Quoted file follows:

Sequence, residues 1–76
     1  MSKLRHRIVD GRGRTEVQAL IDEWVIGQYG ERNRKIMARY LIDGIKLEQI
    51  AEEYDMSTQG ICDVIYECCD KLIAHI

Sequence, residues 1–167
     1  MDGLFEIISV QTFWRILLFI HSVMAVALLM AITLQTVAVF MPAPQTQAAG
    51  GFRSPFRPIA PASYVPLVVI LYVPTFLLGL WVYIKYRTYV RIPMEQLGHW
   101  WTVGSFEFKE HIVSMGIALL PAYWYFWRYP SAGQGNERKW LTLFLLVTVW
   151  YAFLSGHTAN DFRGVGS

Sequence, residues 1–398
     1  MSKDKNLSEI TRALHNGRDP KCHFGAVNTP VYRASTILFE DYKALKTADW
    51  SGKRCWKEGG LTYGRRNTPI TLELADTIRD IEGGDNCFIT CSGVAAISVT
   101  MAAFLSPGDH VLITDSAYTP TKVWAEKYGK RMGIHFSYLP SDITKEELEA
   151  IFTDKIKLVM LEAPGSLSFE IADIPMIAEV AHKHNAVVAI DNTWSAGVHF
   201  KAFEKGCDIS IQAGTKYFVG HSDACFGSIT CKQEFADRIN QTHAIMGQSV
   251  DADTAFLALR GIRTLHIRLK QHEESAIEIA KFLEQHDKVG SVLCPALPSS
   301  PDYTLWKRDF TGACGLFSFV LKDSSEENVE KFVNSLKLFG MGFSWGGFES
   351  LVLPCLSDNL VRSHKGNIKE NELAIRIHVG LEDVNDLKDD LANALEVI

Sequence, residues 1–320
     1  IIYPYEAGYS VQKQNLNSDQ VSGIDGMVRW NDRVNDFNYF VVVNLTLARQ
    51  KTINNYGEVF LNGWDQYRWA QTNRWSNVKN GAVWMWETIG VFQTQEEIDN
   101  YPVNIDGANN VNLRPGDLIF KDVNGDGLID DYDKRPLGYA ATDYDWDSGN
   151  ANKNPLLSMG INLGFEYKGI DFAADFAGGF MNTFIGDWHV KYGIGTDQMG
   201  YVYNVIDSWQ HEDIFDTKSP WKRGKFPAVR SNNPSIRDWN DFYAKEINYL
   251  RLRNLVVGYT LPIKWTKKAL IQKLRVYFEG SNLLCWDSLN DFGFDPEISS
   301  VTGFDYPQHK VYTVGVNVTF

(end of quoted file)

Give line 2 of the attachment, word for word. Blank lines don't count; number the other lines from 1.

     1  MSKLRHRIVD GRGRTEVQAL IDEWVIGQYG ERNRKIMARY LIDGIKLEQI